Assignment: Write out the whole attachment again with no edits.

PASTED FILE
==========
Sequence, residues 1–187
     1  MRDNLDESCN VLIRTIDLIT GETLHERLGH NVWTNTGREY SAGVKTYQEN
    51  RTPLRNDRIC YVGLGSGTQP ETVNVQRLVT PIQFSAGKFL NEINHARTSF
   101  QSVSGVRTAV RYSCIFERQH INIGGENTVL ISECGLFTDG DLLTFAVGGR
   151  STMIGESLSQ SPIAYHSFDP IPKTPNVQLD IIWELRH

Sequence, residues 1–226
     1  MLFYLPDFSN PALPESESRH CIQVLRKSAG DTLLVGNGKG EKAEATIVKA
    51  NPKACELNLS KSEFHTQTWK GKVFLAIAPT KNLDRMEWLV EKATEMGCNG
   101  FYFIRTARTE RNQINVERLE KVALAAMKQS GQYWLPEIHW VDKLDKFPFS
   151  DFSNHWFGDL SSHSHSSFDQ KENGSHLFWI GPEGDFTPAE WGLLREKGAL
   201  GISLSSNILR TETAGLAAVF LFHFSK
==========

Sequence, residues 1–187
     1  MRDNLDESCN VLIRTIDLIT GETLHERLGH NVWTNTGREY SAGVKTYQEN
    51  RTPLRNDRIC YVGLGSGTQP ETVNVQRLVT PIQFSAGKFL NEINHARTSF
   101  QSVSGVRTAV RYSCIFERQH INIGGENTVL ISECGLFTDG DLLTFAVGGR
   151  STMIGESLSQ SPIAYHSFDP IPKTPNVQLD IIWELRH

Sequence, residues 1–226
     1  MLFYLPDFSN PALPESESRH CIQVLRKSAG DTLLVGNGKG EKAEATIVKA
    51  NPKACELNLS KSEFHTQTWK GKVFLAIAPT KNLDRMEWLV EKATEMGCNG
   101  FYFIRTARTE RNQINVERLE KVALAAMKQS GQYWLPEIHW VDKLDKFPFS
   151  DFSNHWFGDL SSHSHSSFDQ KENGSHLFWI GPEGDFTPAE WGLLREKGAL
   201  GISLSSNILR TETAGLAAVF LFHFSK